Last week Nationwide reported that less than half of UK homeowners (49%) expect to see the value of their property increase over the coming six months. The building society said it was a completely different picture three months earlier, when 64% of borrowers said they thought the value of their home would continue to rise.
Earlier in the month, the Nationwide House Price Index had already revealed that the growth in house prices was at its lowest for two and a half years, showing that prices had risen by just 0.1% in August. This view was supported by the Halifax, which actually reported a fall in house prices of 0.6%, and The Woolwich, which found that in August 56% of homeowners thought the value of their properties would rise, compared with 62% in July and 65% in June.
More concrete support of this trend came from the British Bankers’ Association which revealed that the total number of mortgage approvals fell by 20% in July, down to 70,756, which is almost 90,000 fewer approvals than the same period last year.
Now of course none of the above data is really surprising, given that commentators have been predicting a fall in house prices since the start of the year. The Bank of England in particular has been shaking its head in despair at mounting consumer debt, pushing up interest rates to curb borrowing, only to read another lender report showing that borrowing and house price rises are continuing regardless.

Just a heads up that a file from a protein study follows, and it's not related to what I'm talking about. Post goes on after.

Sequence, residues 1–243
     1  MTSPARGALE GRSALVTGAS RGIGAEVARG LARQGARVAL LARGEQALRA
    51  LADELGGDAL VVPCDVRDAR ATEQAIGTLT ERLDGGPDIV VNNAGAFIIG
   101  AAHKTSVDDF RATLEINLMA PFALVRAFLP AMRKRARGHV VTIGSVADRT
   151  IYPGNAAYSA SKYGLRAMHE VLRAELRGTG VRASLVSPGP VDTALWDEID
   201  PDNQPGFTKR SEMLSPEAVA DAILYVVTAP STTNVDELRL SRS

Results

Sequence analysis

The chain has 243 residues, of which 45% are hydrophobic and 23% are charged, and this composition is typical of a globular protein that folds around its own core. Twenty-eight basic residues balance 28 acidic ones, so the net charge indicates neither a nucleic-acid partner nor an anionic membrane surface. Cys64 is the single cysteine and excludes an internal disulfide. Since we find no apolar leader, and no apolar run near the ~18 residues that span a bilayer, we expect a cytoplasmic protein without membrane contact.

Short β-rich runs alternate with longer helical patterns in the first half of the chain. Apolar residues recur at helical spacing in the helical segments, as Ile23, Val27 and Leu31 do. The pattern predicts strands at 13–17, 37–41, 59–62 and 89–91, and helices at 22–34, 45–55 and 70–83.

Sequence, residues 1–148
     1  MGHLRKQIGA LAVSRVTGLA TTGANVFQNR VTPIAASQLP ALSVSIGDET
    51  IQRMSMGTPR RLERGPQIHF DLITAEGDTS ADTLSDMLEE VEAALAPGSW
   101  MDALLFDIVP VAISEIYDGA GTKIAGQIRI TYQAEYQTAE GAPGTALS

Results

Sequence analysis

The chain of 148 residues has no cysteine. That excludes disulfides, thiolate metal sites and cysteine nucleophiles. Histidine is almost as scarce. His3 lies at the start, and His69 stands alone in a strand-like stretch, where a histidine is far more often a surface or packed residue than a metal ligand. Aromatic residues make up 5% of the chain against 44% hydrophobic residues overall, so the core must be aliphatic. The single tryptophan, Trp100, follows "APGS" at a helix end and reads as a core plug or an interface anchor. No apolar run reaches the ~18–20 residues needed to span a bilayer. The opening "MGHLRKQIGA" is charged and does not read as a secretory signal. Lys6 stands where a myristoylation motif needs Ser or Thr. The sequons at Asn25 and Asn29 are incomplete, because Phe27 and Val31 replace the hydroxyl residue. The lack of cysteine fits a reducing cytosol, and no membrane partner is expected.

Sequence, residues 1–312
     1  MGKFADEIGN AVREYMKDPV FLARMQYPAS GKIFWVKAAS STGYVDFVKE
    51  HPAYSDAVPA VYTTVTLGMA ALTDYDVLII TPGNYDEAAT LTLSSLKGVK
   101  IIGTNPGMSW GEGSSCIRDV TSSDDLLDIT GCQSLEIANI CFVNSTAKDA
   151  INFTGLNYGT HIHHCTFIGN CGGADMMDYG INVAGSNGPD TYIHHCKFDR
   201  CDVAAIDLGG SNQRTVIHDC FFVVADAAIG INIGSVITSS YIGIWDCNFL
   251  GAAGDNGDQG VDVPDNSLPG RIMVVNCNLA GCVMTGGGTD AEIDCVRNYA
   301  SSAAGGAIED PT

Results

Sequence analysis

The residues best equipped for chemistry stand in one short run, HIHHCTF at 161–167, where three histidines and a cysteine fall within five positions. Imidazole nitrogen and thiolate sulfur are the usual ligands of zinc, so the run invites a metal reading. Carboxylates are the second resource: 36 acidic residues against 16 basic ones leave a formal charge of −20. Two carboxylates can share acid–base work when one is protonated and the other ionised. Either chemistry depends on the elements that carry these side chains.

This time, all analysts agree that the data shows a definite cooling of the housing market, hence no rate change from the Bank last week. But you do wonder how much of a slowdown there really is.
For example, another quick look at the headlines reveals that property is still the most popular form of investment in the UK, according to GMAC-RFC. The specialist lender found that 46% of people favour bricks and mortar over savings accounts and the stock market.
And several house builders have released healthy profits over the last few weeks, reiterating their plans to build more property, stating that the housing market is either returning to normal, or completely rejecting the notion of any major slowdown.
Confused? Well just think how homeowners must feel.
The fact is that there are so many surveys and reports about the housing market at the moment, it is sometimes impossible to see the wood for the trees. Especially when this data is used by analysts to predict future trends and probably plays a major part in the decision making process of the Bank of England when it sets rates.
And let’s be honest here, all these reports are public relations tools. No matter how relevant or reliable the data it is, the main aim is to promote the company that has produced it.
This is not necessarily a bad thing, but when the combined results of such data could contribute to another £50 being slapped on to the monthly mortgage payments of a borrower, isn’t about time we had a single, authoritative, industry-wide measure we could all depend on?
It might not generate as many headlines, but it would bring some much-needed balance to the subject.